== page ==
There’s nothing better than returning to the shadiness of South Beach. Even when it’s hurting financially and creatively, it manages to pull a Traficant and let gusto reign supreme. That’s perfectly fine for all of the Gucci meatheads floating around out there on pills, but when it shows up at the ropes of a hip hop show, as with the Jadakiss and Styles concert last Monday at Level, it’s just ugly.
Press passes had been secured the day of the show after a lengthy process of e-mailing, telephoning and faxing Level nightclub. Your usual “just fax us the names of the writer and photographer attending and there will be no problem,” type of deal.
Of course when the press crew reaches the eternal circus that is Washington Avenue after midnight, any sense of organization and professionalism is erased and replaced with personal and socio-political garbage. You get five guys behind the velvet ropes spinning a variation of “what can you offer me?” and “what list?”
They all retain a cool demeanor, even when a barrage of thugs gush out of the front doors throwing punches and reaching for guns that (luckily) weren’t there. Policemen arrive out of nowhere and escort several of them down the street for a “friendly chat,” only to have them return minutes later promising revenge in the name of “New Orleans.”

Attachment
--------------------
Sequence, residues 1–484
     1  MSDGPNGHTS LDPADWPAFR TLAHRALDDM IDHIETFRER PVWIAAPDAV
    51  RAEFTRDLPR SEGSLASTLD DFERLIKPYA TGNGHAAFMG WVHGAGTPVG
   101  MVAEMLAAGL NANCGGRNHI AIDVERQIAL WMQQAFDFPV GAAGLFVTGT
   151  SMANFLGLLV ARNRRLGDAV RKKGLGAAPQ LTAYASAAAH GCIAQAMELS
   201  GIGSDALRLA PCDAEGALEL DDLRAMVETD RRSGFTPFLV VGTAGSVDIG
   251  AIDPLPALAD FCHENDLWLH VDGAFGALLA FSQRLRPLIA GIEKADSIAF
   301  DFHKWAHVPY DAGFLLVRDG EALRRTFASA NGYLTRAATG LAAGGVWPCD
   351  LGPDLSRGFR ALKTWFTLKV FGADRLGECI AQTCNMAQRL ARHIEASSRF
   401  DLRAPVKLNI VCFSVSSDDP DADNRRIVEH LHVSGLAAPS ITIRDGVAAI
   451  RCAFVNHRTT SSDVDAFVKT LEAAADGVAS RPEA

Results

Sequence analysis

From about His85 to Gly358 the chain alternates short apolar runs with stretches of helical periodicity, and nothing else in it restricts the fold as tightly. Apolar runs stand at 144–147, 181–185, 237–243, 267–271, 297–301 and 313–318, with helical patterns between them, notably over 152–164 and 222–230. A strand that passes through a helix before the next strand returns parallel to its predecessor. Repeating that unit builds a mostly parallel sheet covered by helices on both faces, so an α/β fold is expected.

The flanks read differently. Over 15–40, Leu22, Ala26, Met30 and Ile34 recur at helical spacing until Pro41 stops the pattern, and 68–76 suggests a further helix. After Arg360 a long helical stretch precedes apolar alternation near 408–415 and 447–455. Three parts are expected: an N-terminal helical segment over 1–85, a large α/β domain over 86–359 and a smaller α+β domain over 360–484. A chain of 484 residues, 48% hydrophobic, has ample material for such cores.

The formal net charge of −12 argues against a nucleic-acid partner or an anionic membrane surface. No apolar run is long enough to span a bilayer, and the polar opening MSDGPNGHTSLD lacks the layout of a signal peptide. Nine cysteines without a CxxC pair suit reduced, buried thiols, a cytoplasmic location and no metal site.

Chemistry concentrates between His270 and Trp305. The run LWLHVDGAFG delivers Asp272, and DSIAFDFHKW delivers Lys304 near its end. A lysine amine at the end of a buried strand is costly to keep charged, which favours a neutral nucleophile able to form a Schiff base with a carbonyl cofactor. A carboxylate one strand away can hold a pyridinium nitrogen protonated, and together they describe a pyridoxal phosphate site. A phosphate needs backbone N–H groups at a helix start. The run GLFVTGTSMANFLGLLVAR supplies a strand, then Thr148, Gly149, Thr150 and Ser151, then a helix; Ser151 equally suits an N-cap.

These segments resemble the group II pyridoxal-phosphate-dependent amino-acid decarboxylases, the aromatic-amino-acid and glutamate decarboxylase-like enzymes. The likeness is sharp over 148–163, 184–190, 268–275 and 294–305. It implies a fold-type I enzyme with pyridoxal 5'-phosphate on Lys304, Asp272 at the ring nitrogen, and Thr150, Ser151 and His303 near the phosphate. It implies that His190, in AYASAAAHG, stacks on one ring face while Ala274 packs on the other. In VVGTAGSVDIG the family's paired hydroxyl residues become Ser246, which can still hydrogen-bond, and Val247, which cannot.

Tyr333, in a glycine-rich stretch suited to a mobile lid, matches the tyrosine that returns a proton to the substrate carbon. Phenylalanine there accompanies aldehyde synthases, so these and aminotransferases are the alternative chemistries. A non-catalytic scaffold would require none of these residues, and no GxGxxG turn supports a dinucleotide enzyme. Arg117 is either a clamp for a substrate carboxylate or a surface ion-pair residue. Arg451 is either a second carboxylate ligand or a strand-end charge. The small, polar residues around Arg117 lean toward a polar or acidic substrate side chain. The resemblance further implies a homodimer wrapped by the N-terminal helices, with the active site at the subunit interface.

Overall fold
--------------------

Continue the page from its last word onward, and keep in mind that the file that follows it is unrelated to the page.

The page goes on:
“Brah, I mean if you lose your job, I’m sorry but there’s nothing I can do” a doorman says as he ushers four pimply faced females into the club with a scary flash of teeth. When acquaintances ask for passes he nonchalantly opens the ropes, reaches into his pocket and hands each of them tiny paper squares. “Sorry brah, only the manager can let people in and he’s not here.” Sure brah.
The turnout looked disappointing, even at $25 a ticket. Like most hip hop shows in SoBe, it probably didn’t start until well after 3 a.m. – if it even went down at all. You get the feeling that rappers only perform in Miami as an excuse to stay at the Shore Club and club hop the night away.
Who can blame them? When the college press is turned away and real hip hop fans can’t afford the ticket price (not including the requisite hair gel and shimmering button-down shirt needed for entry), any chance to build a scene and hip hop community similar to the ones found in the cities of New York and California is severely hindered.
Maybe things will change, maybe they won’t. Either way this section will continue to cover what goes down in this city to the best of our ability – and next time a hip hop show’s at Level we’ll be sure to style our hair like Justin Timberlake and bathe in cologne beforehand. Because that’s what hip hop is all about, right brah?
Irwin Fletcher can be reached at